The Murder of Ronda Mechelle Blaylock, A Shocking True Crime Story
The thermometer out in front of the local bank shows the temperature was 87 degrees. The farm show on the radio says the dew point is a little over 60; just another steamy, late August afternoon in North Carolina.
This is the first week of public school for the 1980-81 scholastic year. With a bright smile on her face and pigtails in her hair, Ronda Mechelle Blaylock is walking home from classes at Atkins High School in Winston-Salem, North Carolina, with a friend.
Both girls are 14-years old. While walking near Rural Hall Bowling Lanes, a blue Chevy pickup pulls up alongside the girls. The driver offers Ronda and her friend a lift home.
It’s not unusually hot and sticky for August in North Carolina. But even for two kids who grew up in this heat, it’s uncomfortable. So it’s no surprise they accept.
Ronda’s friend is dropped off along some railroad tracks near Tuttle Road and Priddy road. She continues on her way home, walking alone, with no hint of what lays ahead for her friend, Ronda.
A few hours later, Rebecca and Charles Blaylock call Ronda’s friend, asking if she’s heard from Ronda. Shortly after that, Rebecca and Charles file a missing persons report. They would never see Ronda, alive, again.
August 29, 1980: Ronda is discovered dead, only partially clothed, her body left in a wooded area, near Sechrist Loop Road In Surrey County, about 18 miles from the spot where Ronda and her friend got into that blue pickup truck.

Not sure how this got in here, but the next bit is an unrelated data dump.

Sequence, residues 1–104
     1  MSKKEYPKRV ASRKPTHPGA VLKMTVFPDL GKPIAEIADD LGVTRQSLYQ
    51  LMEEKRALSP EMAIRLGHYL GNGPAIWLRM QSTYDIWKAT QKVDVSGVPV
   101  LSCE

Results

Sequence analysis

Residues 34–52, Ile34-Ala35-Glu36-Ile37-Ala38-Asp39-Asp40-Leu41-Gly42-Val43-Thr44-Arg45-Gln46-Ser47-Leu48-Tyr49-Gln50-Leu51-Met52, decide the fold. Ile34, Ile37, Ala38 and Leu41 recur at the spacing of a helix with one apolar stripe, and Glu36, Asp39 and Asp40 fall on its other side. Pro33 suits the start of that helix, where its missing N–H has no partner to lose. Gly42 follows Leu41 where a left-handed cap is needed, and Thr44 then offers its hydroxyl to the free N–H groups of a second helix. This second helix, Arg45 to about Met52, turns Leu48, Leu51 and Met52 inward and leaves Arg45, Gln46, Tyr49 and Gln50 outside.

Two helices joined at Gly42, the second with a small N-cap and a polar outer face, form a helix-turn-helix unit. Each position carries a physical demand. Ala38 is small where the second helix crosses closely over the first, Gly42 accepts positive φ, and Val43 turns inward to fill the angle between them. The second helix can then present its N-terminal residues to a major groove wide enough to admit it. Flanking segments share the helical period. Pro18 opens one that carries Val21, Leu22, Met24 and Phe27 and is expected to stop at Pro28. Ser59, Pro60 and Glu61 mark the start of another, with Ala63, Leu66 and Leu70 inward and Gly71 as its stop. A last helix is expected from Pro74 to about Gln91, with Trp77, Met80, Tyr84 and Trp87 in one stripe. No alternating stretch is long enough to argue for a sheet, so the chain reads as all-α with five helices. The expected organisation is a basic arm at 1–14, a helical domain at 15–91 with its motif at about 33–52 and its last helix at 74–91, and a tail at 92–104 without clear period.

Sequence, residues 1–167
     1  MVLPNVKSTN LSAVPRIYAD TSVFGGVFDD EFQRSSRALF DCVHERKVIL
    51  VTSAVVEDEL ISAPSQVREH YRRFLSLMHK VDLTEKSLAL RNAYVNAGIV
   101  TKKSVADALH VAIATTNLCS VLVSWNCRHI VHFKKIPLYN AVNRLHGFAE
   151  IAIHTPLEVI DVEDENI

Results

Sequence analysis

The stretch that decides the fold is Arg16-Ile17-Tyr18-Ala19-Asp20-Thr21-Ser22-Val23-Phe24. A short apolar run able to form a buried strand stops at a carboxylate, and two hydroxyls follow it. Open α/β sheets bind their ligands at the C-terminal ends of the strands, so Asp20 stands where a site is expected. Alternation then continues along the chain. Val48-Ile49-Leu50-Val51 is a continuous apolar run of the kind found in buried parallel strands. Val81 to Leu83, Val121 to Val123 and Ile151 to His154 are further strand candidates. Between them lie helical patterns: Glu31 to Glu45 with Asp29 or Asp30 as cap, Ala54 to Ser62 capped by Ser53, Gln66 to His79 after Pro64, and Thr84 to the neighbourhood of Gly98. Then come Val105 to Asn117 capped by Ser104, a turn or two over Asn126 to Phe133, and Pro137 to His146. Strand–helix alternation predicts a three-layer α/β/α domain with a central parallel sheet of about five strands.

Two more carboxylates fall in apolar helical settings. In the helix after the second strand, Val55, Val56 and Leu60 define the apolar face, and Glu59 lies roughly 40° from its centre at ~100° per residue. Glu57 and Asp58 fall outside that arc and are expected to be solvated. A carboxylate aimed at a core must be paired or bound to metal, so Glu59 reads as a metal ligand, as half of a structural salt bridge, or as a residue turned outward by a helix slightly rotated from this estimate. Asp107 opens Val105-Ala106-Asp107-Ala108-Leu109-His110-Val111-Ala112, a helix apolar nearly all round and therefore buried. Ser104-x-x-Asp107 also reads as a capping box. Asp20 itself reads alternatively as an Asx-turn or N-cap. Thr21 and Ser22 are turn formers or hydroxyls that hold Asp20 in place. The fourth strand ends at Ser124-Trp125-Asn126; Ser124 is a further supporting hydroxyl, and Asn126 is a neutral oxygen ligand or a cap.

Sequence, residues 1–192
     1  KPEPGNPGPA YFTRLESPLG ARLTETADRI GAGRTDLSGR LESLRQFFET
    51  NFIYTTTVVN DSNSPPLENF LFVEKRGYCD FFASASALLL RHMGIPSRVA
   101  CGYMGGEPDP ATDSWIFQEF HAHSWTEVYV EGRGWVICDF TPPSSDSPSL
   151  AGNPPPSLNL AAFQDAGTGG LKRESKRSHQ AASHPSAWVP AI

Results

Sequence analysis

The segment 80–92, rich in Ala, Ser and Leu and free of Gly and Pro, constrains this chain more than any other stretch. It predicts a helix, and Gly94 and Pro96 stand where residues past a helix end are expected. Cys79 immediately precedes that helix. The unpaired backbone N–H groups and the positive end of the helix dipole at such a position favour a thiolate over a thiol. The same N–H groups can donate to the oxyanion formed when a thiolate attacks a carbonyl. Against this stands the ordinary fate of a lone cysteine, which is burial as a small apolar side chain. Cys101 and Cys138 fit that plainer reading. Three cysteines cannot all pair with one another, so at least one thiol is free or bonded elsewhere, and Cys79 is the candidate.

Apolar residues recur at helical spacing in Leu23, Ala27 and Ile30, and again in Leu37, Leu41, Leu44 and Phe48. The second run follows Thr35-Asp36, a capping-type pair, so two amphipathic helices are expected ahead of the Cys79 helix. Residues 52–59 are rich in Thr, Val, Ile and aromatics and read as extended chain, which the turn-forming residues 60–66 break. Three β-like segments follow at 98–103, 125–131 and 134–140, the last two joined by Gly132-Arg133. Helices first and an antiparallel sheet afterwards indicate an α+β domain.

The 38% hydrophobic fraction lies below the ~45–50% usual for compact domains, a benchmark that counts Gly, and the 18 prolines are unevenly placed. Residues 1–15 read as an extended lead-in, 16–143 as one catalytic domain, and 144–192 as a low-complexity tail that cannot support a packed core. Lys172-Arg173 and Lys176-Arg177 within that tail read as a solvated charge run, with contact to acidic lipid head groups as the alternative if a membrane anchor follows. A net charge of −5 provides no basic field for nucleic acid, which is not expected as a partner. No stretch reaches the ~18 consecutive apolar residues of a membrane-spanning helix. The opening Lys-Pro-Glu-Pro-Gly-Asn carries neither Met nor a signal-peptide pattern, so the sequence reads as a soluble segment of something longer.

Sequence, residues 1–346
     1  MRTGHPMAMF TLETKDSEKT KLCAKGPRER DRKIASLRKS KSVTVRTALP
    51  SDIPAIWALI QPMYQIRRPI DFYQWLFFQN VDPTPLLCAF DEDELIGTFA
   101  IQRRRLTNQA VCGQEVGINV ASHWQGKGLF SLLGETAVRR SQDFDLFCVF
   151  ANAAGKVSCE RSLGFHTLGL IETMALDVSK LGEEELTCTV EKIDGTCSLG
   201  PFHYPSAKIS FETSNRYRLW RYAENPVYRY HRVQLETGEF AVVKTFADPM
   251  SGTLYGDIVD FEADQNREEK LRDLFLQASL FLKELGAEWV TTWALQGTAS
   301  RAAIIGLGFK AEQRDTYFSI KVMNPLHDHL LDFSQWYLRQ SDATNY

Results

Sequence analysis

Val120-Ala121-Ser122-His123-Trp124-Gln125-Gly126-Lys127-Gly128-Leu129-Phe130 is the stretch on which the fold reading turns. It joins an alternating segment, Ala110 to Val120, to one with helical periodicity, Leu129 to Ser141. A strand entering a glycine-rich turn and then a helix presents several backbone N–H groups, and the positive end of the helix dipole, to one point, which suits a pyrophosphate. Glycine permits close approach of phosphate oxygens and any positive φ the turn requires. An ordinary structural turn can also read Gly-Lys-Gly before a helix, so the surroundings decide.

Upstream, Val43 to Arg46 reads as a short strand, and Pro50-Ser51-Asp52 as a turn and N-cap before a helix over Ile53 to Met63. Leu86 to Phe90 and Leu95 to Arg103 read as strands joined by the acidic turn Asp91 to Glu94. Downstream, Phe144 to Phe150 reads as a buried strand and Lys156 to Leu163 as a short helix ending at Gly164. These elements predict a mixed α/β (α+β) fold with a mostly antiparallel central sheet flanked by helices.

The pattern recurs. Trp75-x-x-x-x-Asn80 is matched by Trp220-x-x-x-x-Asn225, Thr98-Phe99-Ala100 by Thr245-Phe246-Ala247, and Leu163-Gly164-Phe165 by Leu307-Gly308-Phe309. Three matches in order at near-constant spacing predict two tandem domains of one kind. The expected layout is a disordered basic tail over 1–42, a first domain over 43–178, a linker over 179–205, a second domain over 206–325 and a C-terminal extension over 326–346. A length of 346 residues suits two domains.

A medical examination shows that not only was this child murdered, but she was also raped.
There’s no doubt about the friend’s story. There are plenty of people who saw the two girls get into that Chevy truck and drive away.
But who was behind the wheel? No one knows. Ronda’s friend tells detectives he had straight brown hair, feathered on the sides and a light beard. He was wearing a black T-shirt, white tennis shoes, faded jeans, aviator-style sunglasses, and a baseball cap.
However, the teenager can’t give detectives his name, and no one had noticed the truck’s license number.
Two years later, the case goes cold. But in 2015, Surrey County Sheriff Graham Atkinson forms an unusual, multi-agency task force with one purpose: find the killer of Ronda Mechelle Blaylock.
Those on the task force have an advantage over their fellow officers who worked this case in 1980. Now they’re backed by new crime-solving methods and something law enforcement couldn’t even dream of four decades ago, DNA technology.
Detectives begin bathing evidence and looking through forensic material from the crime scene.
They start to four on a guy by the name of Robert James Adkins. He’s been married with an adult son. Adkins has lived in the area where Ronda and her friend were walking in 1980.
On August 2, 2019, with his brown hair and beard gone white and stringy, wearing a grey t-shirt and blue coveralls, Robert James Adkins stood for a mug shot. Looking at least ten years older than his age of 64, he was arrested and charged with killing and raping young Ronda.
Adkins, who most recently lived in Dobson, North Carolina, would plead guilty to reduced charges in December 2020 of second-degree murder and second-degree rape.
Chances are, Adkins will never go home again. At least that’s what Ronda’s family hopes. Thanks to a plea deal, Adkins was sentenced to 21 to 25 years in prison on each rape and murder charges. The sentences will run concurrently.
Rebecca and Charles Blaylock never learned that their daughter’s murderer was captured. Both died a few years ago.
A cousin of RondaKevin Thomas says the family wasn’t happy with the plea deal. They wanted to see Adkins sentenced to life in prison for first-degree murder and rape.
The end of this case, he says, leaves the Blaylock family with an empty feeling and without any sense of closure.
“We just hope with all things considered that he dies in prison,” Kevin says. “We didn’t have any say in the matter. All we can do is accept it.”
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